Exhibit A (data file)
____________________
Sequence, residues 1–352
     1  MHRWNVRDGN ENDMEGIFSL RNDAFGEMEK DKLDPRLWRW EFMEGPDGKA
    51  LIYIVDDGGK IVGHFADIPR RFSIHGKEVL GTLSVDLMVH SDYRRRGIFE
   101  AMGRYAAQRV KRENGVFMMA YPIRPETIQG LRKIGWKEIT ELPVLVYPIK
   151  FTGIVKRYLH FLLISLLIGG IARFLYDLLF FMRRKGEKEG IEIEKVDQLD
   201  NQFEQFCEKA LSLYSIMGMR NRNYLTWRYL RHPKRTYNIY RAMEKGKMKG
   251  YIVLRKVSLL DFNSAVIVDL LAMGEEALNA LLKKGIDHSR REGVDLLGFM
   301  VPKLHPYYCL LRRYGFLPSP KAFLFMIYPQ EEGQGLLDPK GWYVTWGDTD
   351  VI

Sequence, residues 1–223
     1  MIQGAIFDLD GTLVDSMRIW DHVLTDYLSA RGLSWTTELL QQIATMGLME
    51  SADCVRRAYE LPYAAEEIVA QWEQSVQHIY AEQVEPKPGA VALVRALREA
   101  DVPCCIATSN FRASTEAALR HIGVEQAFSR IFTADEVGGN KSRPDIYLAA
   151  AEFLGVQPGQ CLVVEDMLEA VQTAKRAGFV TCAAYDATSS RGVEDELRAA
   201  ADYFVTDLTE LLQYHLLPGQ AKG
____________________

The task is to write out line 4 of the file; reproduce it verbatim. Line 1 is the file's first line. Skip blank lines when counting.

   101  AMGRYAAQRV KRENGVFMMA YPIRPETIQG LRKIGWKEIT ELPVLVYPIK